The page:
We’ll round the list off with Rural Funds Group (ASX: RFF), which owns a diversified portfolio of quality Australian agricultural assets including cattle ranches and macadamia farms.
Rural Funds has a great history of long-term share price growth going back to 2014. Year to date, the Rural Funds share price is up 23%.
No matter your ASX investment choices, remember…
Whether you’re investing in the growth story of ASX technology shares, the rebound of beaten down travel and leisure shares, or straightforward index tracking exchange-traded funds (ETFs), remember, ‘time in the market beats timing the market.’
Yes, it’s a cliché.
And yes, you’ll hear the odd story of the fund manager who shorted the market on 21 February before going long on 23 March. But that kind of successful market timing is the extreme exception to the rule. And, to my knowledge, one that nobody has ever repeated consistently over the long haul.
Many investors trying to time market cycles earlier this year, for example, would have held on until share prices dropped 20% or more before selling. And then they would have sat on the sidelines and waited until share prices had rebounded 10% before buying back in. In other words, losing money even as they lost sleep.
If you’ve paid off any high interest debts, earn a sustainable income and have at least three months of emergency cash set aside (depending on your individual circumstances), history shows you’re almost always better off holding on tight through the dips and peaks rather than trying to jump in and out of your share holdings. Assuming, of course, that your investment horizon is at least five years.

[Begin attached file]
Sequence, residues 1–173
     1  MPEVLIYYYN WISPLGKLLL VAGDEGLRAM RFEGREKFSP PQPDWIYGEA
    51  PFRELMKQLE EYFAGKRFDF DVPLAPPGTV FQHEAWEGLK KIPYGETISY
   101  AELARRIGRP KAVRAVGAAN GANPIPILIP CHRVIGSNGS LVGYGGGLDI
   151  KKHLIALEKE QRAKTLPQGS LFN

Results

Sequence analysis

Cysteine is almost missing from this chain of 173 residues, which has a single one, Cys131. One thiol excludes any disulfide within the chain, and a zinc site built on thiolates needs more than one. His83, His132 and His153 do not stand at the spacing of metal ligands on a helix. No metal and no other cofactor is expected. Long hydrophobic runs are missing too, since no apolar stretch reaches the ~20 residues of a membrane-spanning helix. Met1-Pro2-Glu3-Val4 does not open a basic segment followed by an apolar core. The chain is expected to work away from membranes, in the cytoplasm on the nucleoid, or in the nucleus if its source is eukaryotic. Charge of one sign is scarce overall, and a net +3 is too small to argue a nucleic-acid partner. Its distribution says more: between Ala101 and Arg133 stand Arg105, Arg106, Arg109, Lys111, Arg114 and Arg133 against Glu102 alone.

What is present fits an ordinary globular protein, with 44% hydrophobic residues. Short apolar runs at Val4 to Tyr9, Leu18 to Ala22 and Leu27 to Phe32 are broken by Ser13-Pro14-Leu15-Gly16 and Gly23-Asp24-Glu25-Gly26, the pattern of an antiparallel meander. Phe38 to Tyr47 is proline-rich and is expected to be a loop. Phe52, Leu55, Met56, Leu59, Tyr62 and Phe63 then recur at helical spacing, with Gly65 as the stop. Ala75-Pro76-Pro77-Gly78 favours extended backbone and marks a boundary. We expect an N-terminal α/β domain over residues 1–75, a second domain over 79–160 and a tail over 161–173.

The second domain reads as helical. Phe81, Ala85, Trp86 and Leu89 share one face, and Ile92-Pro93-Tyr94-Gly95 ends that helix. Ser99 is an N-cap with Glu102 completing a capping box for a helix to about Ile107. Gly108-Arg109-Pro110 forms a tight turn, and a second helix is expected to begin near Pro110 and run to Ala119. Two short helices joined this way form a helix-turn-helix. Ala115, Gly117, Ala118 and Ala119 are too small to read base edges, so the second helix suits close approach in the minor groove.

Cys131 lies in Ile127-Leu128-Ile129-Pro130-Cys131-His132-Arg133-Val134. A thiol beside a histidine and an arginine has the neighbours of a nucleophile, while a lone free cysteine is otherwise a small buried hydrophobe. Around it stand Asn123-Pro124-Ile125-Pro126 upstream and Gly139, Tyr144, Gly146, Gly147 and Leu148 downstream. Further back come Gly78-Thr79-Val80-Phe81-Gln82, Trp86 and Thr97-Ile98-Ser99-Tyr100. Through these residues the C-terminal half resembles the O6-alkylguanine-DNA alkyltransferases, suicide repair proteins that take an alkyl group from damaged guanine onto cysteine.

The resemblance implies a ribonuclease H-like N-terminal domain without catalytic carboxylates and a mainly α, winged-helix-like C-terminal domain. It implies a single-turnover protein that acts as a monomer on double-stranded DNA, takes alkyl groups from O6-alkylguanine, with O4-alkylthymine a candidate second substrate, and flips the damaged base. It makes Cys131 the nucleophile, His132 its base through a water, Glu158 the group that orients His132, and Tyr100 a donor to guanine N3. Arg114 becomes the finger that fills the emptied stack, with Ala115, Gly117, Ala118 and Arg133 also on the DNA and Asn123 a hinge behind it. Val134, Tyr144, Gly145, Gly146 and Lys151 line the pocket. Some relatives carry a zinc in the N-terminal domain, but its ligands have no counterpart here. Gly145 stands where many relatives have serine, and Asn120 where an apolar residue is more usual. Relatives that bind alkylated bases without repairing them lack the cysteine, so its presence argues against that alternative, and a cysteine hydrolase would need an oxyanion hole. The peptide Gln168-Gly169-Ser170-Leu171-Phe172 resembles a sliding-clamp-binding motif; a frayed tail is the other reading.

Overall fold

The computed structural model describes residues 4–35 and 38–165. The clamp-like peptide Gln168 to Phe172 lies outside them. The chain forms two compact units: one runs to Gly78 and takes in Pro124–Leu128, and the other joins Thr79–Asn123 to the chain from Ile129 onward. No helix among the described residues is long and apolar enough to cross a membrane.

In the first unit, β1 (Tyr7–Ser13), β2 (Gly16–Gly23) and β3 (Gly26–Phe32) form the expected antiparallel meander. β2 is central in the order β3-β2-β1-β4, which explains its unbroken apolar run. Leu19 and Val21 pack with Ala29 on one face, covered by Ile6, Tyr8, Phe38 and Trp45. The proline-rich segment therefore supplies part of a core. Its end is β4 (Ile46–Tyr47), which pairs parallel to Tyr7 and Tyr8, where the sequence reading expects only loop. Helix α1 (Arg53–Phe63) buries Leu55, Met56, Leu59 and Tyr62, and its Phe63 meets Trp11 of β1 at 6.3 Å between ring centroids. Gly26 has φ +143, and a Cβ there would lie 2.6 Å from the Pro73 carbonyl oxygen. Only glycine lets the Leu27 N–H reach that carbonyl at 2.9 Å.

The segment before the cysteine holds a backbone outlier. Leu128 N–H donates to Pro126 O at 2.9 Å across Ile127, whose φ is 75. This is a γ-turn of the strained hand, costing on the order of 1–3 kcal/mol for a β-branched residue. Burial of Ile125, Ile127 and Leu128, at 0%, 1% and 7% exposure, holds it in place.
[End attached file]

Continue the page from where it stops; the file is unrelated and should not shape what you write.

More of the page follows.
A question of when, not if
It’s the same story with the multi-trillion-dollar fiscal stimulus package still being debated in the United States.
Lindsey Bell is the chief investment strategist at Ally Invest, based in North Carolina. Discussing recent share price moves she said (as quoted by the AFR):
This has been a stimulus-driven market for several weeks – today is more evidence of that. The market believes we are getting a stimulus. But it wants to know when it’s going to pass because it’s going to take time for the money to flow out.
Bell’s assessment of the market is spot on.
For me, the real takeaway here is that she points out investors believe stimulus is coming but they want to know when the spending package is going to pass. Why? Because they’re hoping to time their entries and exits with the idea of maximising their gains. An endeavour the majority will likely fail at.
As I’ve been writing for the past weeks of this stimulus-driven market, the US government stimulus package will come. As will oodles more stimulus spending from developed nations across the world to keep their economies ticking through the pandemic slowdowns.
Since, in my opinion, it’s not a question of if but one of when the next big stimulus packages are announced, I’ll be holding onto the shares I already own that I believe are well positioned over the long-term. And adding to those shareholdings when I’m able, without worrying about getting the timing down perfectly.